I think the main thing that would keep people buying equipment for their house though would be VR. I don't see Stadia's lag being low enough for that and the VR devs are already doing a bunch of tricks to shift the view at the last moment in the render pipeline to speed up head tracking latency that just wouldn't be possible when your render pipeline is 30-60ms away.

Navi and multigpu eh? I've heard that Navi was doing something architecturally different to get around GCN's limitation of 64 compute units, but I didn't imagine that they would do multigpu as that method. I figured they'd start spinning up a new architecture at this point.

Personally, if they do multigpu virtualization in a way that lets me pass part of a gpu through to a VM, then so much the better. I might get rid of my one and only remaining windows system if I could do gpu passthrough with just one GPU. (My last windows box is a Ryzen3-2200g using the integrated graphics, in a Mini-STX settop box formfactor.)

It's not just gaming that's going to a multi source model, but also video streaming. Every big company is trying to get their own streaming service going. If it were just me and not my family, I'd be subscribing to one service at a time for a month or two, then dropping that one and moving to another, and just playing the content backlog from each service every time I switched. Trying to get the whole family on board with that kind of plan is harder... As for PC gaming, I'm pretty much sticking to just 4 services myself. Itch.IO, Humble, GoG, and Steam. I'm not bothering with anyone else, and if they go exclusive on one of those for awhile, I'll just be patient or play it on consoles instead.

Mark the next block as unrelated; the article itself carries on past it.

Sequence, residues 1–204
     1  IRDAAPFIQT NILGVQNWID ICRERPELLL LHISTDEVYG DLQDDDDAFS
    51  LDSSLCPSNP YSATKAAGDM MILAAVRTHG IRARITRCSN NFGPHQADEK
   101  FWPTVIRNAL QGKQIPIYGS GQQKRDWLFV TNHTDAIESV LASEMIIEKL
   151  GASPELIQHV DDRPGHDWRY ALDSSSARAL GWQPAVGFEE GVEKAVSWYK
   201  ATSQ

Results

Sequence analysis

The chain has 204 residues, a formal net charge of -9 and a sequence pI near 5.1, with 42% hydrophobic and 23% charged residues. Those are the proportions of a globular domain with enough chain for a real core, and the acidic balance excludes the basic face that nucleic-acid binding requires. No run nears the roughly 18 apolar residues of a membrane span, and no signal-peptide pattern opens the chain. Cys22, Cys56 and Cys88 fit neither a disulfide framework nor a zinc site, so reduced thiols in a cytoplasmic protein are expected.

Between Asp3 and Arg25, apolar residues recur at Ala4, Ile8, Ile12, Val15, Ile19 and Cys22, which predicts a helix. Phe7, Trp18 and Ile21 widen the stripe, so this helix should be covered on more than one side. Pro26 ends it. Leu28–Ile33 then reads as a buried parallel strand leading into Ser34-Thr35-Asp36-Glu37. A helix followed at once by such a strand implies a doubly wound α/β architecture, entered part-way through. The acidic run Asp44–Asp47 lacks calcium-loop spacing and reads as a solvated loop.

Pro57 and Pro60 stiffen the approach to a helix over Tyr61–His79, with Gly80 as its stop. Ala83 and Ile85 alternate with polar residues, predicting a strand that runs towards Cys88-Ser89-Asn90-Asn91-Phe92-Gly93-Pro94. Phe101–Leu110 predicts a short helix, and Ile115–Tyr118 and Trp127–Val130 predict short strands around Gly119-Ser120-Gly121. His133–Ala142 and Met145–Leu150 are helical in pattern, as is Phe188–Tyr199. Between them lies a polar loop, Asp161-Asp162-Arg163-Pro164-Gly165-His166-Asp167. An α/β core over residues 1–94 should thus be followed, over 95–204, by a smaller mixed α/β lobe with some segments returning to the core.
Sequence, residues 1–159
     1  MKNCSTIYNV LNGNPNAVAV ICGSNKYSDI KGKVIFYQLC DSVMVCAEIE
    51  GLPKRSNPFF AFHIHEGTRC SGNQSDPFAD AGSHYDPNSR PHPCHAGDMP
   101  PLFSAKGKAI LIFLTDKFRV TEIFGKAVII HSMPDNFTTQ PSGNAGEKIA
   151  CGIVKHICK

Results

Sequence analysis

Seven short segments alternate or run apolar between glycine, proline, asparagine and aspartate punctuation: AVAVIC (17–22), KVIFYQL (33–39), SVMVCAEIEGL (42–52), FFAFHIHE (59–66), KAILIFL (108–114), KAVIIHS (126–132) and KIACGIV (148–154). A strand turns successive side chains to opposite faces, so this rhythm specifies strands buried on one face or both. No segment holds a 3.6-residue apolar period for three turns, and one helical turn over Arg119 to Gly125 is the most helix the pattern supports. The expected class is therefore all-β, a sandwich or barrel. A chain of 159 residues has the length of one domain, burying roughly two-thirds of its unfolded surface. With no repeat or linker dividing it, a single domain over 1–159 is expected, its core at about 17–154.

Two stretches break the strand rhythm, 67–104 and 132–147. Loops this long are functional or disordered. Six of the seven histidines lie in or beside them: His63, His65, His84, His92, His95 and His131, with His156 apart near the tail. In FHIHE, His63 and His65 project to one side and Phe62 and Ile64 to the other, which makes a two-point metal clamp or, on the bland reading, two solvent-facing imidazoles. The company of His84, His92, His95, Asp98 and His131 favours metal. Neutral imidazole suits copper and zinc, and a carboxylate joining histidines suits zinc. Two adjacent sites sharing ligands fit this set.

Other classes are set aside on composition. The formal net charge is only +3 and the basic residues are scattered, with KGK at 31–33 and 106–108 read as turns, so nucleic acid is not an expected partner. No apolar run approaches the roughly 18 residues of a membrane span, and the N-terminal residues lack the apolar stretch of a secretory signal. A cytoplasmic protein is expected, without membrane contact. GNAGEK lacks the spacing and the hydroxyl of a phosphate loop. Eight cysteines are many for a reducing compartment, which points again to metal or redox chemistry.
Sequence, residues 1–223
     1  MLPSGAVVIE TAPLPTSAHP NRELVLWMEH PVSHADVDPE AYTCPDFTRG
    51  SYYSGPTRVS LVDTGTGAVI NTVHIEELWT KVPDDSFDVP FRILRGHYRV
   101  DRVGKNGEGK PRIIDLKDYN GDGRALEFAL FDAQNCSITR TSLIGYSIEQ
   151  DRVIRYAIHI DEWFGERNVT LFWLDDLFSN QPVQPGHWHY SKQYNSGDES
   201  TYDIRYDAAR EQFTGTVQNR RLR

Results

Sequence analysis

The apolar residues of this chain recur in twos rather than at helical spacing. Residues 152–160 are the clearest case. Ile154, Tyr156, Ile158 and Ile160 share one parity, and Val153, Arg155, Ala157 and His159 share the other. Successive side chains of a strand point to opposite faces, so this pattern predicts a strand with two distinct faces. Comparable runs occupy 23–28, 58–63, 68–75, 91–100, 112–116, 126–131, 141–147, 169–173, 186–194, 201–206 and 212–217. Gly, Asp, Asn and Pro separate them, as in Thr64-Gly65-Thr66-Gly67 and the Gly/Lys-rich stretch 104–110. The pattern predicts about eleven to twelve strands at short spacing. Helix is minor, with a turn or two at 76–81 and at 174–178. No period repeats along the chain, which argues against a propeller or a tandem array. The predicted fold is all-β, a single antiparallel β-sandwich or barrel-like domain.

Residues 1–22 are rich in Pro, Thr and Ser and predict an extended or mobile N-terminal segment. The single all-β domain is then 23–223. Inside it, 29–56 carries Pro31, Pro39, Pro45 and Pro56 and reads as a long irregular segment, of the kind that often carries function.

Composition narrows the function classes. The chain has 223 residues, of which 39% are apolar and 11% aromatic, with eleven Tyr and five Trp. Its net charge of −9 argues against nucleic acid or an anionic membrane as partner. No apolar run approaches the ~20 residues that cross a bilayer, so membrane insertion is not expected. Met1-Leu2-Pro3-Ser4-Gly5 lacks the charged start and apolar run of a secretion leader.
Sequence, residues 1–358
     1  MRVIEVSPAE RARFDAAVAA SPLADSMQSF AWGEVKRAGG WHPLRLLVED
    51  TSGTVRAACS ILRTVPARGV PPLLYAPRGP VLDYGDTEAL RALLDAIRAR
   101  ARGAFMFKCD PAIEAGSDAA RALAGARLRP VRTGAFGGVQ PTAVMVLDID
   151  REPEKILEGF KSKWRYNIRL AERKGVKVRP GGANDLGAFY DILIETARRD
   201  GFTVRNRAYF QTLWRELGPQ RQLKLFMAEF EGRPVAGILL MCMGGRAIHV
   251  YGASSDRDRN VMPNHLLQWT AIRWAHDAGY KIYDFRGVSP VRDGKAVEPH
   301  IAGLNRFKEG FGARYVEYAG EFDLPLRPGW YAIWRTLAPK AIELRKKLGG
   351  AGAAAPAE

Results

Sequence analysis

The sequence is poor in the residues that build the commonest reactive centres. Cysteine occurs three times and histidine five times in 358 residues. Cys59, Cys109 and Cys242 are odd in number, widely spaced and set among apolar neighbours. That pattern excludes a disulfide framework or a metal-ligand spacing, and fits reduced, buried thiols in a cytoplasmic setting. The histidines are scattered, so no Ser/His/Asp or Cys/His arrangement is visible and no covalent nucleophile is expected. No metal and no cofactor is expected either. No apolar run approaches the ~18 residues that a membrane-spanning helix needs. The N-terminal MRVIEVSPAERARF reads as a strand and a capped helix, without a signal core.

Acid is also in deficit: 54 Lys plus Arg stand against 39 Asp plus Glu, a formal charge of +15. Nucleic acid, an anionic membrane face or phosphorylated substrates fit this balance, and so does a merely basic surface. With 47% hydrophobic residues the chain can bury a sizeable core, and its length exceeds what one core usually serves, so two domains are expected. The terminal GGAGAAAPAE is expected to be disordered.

on Apr 14, 2019

I didn't perceive any lag when I played with it.

on Apr 14, 2019

Frogboy

I didn't perceive any lag when I played with it.

I just looked up the article. I was a bit low, it's around 166ms, but 166ms lag is not out of the typical range for modern gaming, on par with most consoles. Did they have any FPS games controlled with a mouse on display? I think mouse movement lag would be a lot easier to notice than third person action game lag.

https://www.eurogamer.net/articles/digitalfoundry-2019-hands-on-with-google-stream-gdc-2019

on Apr 14, 2019

Kazriko


Quoting Frogboy,

I didn't perceive any lag when I played with it.



I just looked up the article. I was a bit low, it's around 166ms, but 166ms lag is not out of the typical range for modern gaming, on par with most consoles. Did they have any FPS games controlled with a mouse on display? I think mouse movement lag would be a lot easier to notice than third-person action game lag.

https://www.eurogamer.net/articles/digitalfoundry-2019-hands-on-with-google-stream-gdc-2019

As one of the testers of Stadia (Project Stream) when they had closed testing, I was surprised at how responsive the controls were. The game they sent out to the testers was Assassins Creed Odyssey, and running at max settings. With fast paced combat and a lot of action sequences I didn't experience any lag at all. I tested the game using M/KB and a XBox controller.